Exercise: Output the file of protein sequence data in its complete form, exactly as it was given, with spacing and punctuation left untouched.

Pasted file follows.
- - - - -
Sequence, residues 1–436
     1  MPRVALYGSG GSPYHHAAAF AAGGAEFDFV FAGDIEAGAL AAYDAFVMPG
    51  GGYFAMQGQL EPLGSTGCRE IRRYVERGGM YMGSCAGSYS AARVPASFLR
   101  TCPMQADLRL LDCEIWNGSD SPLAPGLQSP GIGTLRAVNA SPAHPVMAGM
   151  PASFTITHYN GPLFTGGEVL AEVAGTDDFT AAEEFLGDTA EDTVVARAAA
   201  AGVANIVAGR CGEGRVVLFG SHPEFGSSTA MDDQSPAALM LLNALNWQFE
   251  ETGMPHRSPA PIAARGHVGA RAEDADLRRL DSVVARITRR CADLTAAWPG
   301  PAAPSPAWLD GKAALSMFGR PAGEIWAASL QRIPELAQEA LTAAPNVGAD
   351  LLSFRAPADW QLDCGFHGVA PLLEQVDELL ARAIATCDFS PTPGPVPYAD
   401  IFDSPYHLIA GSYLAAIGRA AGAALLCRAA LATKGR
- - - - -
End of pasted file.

Sequence, residues 1–436
     1  MPRVALYGSG GSPYHHAAAF AAGGAEFDFV FAGDIEAGAL AAYDAFVMPG
    51  GGYFAMQGQL EPLGSTGCRE IRRYVERGGM YMGSCAGSYS AARVPASFLR
   101  TCPMQADLRL LDCEIWNGSD SPLAPGLQSP GIGTLRAVNA SPAHPVMAGM
   151  PASFTITHYN GPLFTGGEVL AEVAGTDDFT AAEEFLGDTA EDTVVARAAA
   201  AGVANIVAGR CGEGRVVLFG SHPEFGSSTA MDDQSPAALM LLNALNWQFE
   251  ETGMPHRSPA PIAARGHVGA RAEDADLRRL DSVVARITRR CADLTAAWPG
   301  PAAPSPAWLD GKAALSMFGR PAGEIWAASL QRIPELAQEA LTAAPNVGAD
   351  LLSFRAPADW QLDCGFHGVA PLLEQVDELL ARAIATCDFS PTPGPVPYAD
   401  IFDSPYHLIA GSYLAAIGRA AGAALLCRAA LATKGR